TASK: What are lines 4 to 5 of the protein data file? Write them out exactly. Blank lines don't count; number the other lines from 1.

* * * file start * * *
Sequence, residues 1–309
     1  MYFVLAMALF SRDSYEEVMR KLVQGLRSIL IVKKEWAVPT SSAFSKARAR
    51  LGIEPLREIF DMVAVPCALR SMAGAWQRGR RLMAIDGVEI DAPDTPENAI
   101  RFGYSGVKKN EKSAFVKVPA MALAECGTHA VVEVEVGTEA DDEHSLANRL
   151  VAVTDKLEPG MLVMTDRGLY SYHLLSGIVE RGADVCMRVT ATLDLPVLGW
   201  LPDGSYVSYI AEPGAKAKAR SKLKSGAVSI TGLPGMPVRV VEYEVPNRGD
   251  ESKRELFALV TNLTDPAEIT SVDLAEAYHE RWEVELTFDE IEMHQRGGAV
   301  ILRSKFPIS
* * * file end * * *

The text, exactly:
   101  RFGYSGVKKN EKSAFVKVPA MALAECGTHA VVEVEVGTEA DDEHSLANRL
   151  VAVTDKLEPG MLVMTDRGLY SYHLLSGIVE RGADVCMRVT ATLDLPVLGW